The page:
Since I moved to London from the US about a year ago, a burning issue I keep reading about in the business pages is the UK’s so-called ‘productivity puzzle’. Economists are struggling to understand why the UK economy’s aggregate productivity performance has been at its lowest levels since 1860 following the global financial crisis of 2008.
First of all, what is productivity? There are lots of dry, technocratic formulae out there, but I like the simple clarity of Tony Robbins’s definition: “getting the results you want with less time and effort.” When I talk to customer executives about their business goals, this is essentially what all them want to achieve - and they know data plays a role. It’s hard to dispute that we need to deploy resources productively, with as little waste as possible, to best serve employees, companies, society, and the environment.
Fortunately, thanks to new research we carried out with Harvard Business Review Analytics Services, we now have real insights into how companies around the world can improve productivity by empowering employees like sales reps, customer service agents and procurement officers who work on the frontlines. We conducted the research before the pandemic, but the study’s findings and conclusions are even more urgent for companies facing current challenges, where time is of the essence.
Here’s the most powerful headline: nearly 90% of organizations surveyed drew a clear line between arming frontline employees with data and being able to make informed decisions that led to successful business outcomes. The key is empowering these employees to be able to make data-driven decisions autonomously and in the moment. Roughly half the organizations leading transformations to make this happen expect to see significant increases in customer satisfaction, employee engagement and productivity, along with increased product and service quality.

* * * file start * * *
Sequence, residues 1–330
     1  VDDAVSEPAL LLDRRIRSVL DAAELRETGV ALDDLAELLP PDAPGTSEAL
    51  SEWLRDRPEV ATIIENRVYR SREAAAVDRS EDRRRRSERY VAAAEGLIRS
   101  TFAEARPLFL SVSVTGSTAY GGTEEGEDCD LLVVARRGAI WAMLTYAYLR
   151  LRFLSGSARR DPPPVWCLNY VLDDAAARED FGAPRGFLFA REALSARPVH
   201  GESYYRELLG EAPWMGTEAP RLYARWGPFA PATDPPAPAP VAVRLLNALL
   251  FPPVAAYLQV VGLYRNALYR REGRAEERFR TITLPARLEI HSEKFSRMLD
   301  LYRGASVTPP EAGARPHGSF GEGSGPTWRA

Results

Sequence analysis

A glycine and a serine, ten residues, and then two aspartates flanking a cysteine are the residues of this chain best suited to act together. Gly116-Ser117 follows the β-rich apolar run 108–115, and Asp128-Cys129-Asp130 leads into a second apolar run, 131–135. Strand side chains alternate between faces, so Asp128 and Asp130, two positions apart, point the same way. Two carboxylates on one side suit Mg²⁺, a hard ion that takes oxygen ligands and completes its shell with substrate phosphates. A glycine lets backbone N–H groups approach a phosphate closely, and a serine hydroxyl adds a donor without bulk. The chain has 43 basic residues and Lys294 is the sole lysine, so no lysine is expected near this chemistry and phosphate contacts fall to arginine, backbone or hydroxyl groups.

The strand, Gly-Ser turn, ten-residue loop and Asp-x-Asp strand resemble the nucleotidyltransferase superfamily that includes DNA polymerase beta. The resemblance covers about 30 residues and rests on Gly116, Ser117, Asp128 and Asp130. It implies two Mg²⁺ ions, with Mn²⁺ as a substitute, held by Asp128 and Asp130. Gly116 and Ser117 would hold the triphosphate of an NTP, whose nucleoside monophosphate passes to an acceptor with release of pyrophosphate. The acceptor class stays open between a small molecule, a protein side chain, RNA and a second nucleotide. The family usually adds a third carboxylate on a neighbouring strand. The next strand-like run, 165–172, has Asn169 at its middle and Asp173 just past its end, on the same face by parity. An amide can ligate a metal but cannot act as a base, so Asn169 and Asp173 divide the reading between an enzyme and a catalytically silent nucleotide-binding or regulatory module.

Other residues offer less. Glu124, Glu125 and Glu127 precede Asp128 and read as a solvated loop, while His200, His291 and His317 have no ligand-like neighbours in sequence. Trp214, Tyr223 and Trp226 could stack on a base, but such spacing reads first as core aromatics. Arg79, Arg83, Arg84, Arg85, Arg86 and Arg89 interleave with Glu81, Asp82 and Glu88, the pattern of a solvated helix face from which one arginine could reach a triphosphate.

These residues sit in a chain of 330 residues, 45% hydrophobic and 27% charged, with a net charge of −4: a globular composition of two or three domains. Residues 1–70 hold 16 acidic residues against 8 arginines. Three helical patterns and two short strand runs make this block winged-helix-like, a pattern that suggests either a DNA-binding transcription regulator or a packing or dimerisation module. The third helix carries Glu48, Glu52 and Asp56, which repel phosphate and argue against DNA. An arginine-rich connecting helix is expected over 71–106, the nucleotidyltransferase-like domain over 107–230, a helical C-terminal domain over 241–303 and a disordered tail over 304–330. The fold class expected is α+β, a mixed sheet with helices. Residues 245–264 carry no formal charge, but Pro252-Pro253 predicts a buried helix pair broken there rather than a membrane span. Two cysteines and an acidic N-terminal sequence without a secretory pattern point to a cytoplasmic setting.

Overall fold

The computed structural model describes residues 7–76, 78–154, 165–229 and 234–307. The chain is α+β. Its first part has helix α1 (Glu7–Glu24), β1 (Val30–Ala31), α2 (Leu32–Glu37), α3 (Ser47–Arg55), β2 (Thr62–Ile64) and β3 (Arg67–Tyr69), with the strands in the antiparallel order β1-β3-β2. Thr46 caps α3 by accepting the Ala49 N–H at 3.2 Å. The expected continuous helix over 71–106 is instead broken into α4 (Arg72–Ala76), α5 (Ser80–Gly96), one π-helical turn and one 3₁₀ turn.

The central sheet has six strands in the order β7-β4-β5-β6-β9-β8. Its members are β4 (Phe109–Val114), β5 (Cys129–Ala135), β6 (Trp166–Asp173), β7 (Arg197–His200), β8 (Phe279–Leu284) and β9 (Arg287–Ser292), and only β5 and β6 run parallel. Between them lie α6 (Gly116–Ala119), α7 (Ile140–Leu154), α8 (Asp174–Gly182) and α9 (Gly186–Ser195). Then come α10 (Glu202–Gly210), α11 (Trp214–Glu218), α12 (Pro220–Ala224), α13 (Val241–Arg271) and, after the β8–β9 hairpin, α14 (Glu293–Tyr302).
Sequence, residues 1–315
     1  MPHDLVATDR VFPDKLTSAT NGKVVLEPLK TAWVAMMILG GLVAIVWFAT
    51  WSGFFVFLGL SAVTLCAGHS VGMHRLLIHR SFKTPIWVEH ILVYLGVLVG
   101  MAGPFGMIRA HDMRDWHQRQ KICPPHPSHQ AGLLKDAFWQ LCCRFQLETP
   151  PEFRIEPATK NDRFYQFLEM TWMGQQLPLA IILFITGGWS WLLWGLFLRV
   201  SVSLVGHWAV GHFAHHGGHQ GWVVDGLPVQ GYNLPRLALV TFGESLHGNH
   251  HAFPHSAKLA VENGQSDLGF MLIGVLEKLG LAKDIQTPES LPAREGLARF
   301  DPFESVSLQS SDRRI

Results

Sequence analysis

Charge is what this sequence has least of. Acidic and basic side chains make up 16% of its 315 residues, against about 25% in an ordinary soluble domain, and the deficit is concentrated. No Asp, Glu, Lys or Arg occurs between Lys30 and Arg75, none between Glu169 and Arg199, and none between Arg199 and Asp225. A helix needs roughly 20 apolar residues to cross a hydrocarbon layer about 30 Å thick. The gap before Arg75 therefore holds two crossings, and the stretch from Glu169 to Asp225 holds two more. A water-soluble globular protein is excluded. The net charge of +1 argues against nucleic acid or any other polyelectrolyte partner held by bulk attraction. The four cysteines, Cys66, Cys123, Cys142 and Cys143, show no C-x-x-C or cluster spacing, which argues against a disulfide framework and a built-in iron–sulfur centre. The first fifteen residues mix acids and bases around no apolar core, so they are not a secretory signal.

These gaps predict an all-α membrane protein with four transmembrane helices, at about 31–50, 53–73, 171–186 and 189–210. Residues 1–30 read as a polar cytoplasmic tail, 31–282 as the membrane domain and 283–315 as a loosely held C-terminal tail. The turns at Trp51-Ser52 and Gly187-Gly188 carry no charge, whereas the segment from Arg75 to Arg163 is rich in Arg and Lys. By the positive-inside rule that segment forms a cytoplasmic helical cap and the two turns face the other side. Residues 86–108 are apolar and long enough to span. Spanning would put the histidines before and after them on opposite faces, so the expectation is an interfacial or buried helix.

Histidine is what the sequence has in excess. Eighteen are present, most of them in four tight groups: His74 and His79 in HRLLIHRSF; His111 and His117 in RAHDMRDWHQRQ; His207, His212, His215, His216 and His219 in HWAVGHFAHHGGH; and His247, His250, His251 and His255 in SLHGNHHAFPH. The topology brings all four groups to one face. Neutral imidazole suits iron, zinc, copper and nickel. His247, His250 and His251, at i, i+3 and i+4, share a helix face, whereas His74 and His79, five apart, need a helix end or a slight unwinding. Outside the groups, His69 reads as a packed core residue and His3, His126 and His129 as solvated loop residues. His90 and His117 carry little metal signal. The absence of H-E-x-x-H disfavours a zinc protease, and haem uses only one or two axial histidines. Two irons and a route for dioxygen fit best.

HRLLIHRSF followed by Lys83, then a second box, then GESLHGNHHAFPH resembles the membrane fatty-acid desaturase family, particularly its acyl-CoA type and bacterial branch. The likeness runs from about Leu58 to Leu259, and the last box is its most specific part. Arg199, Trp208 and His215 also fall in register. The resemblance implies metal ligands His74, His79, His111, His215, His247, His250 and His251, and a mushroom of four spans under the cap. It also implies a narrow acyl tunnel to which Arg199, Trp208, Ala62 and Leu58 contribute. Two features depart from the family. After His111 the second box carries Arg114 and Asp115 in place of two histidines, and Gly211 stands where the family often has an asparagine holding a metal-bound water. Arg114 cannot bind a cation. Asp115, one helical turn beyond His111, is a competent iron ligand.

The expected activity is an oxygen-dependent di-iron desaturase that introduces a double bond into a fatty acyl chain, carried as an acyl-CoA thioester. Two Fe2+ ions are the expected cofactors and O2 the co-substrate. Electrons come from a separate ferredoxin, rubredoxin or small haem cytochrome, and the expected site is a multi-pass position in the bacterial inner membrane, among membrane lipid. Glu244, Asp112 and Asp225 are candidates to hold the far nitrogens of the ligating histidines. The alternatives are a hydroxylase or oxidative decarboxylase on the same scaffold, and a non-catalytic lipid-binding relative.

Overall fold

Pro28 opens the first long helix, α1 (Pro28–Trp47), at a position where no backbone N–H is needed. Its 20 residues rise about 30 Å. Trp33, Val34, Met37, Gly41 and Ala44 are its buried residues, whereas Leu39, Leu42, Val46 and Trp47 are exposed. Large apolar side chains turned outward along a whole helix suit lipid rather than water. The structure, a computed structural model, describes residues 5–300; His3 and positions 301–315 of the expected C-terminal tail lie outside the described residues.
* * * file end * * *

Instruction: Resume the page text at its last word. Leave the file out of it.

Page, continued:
I want to stress here that empowering frontline business employees is about a lot more than investing in new technology. The research shows that organizations must tackle often deeply ingrained issues relating to organizational structure, ‘technical debt’, and company culture. Senior management must adapt their cultures. Not only do they need to arm employees on the frontlines with more business data than ever before, but also trust them to be able to act autonomously and make decisions.
The payoffs in making these big technological and culture changes are huge. Companies like Vodafone are already delivering real results by pairing new technology with a data-driven culture. As Kerry Small, who leads global commercial and operations for Vodafone Business, said “we’re a service business. How we deliver is paramount. Our people are the face of the organization.” According to Small, engagement levels have increased tenfold among the employees who have been part of the company’s transformation efforts to date. This engagement boost has resulted in greater commitment to the business, discretionary effort, and accountability, as well.
Most people - myself included - agree that lives and priorities will have changed after the COVID-19 lockdown experience. Being more data-driven and productive will deliver benefits all around. For employees, the ability to reach goals faster means continuing to be able to spend more quality time with their families. For companies that have adapted their business models, it means being able to tap into new revenue streams, reduce costs and get products and services to market faster. Customers benefit from personalised, consistent and high-quality brand experiences across channels. Society gains from better, faster healthcare outcomes, government services and smart local council services. Even the environment benefits as companies use resources more efficiently and produce less waste.
I encourage you to read the full report today. It will take a collective effort from businesses, employees, and technology providers to bring about these positive changes, but given the great strides I’ve seen our customers make so far, I’m very confident we can make them happen.